PayPal acquires Honey Science for $4 billion, adds offers, deals to payment network

PayPal said that Honey will transform the company as well as engagement for consumers and merchants.
Written by Larry Dignan, Contributor

PayPal said it will acquire Honey Science, a shopping and rewards platform, for $4 billion in cash.

According to PayPal, the addition of Honey will boost engagement for its users as well as merchants. Honey was profitable in 2018 and PayPal said the deal is expected to close in the first quarter of 2020. Dan Schulman, CEO of PayPal, said Honey will be one of "the most transformative acquisitions in PayPal's history." Honey will continue to be led by co-founders George Ruan and Ryan Hudson.

Honey had revenue of $100 million and growing at 100%, said Schulman. Honey had 17 million monthly active users in October. 

"We believe the acquisition of Honey will be a springboard for our broader commerce ambitions," said Schulman, speaking on an analyst conference call. "These services dramatically simplify (the shopping experience). We completed a comprehensive screen for other players and Honey had the best e-commerce suite. The combined company can optimize the commerce experience across channels and devices."

He added that Honey "moves us up" in the shopping hierarchy since most shopping is started with some trigger event. Honey is that trigger. "We want to be a part of consumers' lives every day," said Schulman, who noted there is an opportunity to use analytics and understand shopper demand curves. 

Honey provides rewards, instant coupons and deals via a Chrome extension. Honey's commerce tools are broken down like this:

  • A web and mobile tool that automatically finds and applies savings across about 30,000 merchants.
  • Price tracking and alerts.
  • A loyalty rewards program redeemed with merchant partners.
  • A mobile app that has a unified checkout experience and deal discovery.

A few key merchants in the Honey network include Etsy, Booking.com, Hulu, Dell, Walmart and Kohl's. "We love the business on a standalone basis," said Schulman. "But the real importance is what Honey does for the PayPal ecosystem."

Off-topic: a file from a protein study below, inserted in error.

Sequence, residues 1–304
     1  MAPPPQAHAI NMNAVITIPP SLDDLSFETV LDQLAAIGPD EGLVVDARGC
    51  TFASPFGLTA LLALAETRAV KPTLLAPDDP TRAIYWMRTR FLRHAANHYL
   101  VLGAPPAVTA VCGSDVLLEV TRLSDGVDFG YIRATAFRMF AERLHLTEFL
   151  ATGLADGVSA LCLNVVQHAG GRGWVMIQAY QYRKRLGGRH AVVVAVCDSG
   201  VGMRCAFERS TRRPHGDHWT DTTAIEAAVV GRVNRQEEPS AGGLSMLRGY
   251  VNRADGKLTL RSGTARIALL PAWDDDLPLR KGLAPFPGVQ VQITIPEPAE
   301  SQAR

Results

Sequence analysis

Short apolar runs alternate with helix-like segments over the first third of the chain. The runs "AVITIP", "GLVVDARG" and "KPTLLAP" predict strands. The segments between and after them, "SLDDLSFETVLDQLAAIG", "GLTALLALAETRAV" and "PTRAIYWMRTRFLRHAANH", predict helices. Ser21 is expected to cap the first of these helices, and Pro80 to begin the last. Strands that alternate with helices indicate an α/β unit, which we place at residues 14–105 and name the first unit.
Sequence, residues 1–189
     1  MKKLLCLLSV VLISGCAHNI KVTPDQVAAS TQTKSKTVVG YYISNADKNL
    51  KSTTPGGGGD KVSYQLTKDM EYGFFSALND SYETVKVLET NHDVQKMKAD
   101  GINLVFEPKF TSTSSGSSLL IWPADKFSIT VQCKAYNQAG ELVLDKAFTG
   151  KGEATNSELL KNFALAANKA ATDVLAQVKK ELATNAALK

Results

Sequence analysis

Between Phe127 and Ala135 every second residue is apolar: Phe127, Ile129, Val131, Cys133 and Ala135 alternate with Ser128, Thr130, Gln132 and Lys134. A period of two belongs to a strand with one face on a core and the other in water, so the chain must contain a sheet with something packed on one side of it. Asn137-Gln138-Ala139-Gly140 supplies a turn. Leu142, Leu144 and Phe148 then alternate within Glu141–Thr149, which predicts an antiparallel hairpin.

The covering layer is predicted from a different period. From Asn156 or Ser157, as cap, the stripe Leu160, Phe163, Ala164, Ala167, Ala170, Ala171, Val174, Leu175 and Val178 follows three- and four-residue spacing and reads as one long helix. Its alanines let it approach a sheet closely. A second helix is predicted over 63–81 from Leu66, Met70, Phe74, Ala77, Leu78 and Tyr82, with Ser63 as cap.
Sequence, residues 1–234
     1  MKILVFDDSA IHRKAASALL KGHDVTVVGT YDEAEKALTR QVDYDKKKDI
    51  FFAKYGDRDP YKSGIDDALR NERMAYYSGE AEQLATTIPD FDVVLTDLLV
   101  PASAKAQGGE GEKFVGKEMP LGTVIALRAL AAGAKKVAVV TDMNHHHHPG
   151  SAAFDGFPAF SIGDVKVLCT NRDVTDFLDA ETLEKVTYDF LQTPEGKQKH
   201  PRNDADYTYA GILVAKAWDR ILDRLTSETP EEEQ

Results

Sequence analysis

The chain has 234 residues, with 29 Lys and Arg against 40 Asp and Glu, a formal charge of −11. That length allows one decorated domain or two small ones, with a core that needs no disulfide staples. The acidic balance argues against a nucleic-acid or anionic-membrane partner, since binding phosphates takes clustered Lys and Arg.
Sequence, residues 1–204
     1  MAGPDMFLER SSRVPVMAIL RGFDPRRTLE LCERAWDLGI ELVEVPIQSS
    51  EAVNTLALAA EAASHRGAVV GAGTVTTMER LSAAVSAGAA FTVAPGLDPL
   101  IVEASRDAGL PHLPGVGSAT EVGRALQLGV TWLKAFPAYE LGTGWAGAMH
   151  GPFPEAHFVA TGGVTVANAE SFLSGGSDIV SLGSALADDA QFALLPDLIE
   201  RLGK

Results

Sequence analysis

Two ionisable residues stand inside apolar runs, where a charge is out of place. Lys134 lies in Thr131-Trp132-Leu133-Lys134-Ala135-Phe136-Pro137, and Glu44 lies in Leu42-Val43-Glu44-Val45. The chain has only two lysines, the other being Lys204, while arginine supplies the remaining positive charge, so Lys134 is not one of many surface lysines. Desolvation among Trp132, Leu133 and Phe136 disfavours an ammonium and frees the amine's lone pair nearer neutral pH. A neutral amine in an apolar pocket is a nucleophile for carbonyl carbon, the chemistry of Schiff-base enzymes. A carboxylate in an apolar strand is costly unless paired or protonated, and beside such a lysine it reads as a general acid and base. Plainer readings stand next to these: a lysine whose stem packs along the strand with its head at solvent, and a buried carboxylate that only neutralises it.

PayPal said in a statement that it will use Honey's technology to personalize shopping experiences and scale the deals network. PayPal reckons that it will be able to drive transactions via exclusive offers across its payment network, which includes PayPal as well as Venmo.

Add it up and Honey's offers will reach more than 275 million PayPal and Venmo accounts. Honey will be accretive to PayPal's non-GAAP earnings in 2021.

William Blair analyst Robert Napoli noted that Honey fits in with Venmo and targets an attractive consumer demographic.

Management plans to integrate the capabilities broadly into PayPal within the next 6-12 months after close. We believe Honey will be very attractive to Venmo users in particular. A high percentage of Honey users are millennials and 79% are currently women.

Jefferies analyst John Hecht said in a research note: 

We view the deal favorably through a strategic lens, as we believe it should drive benefits to both the consumer and merchant sides of the business. In our view, Honey's suite of services are a natural complement to PayPal's existing offerings to consumers (digital wallet, P2P, bill pay, consumer financing), in addition to bringing PayPal higher up the funnel to the discovery phase of the shopping experience (opposed to simply being a checkout option), which we expect to have a significant positive impact on user engagement over time. 


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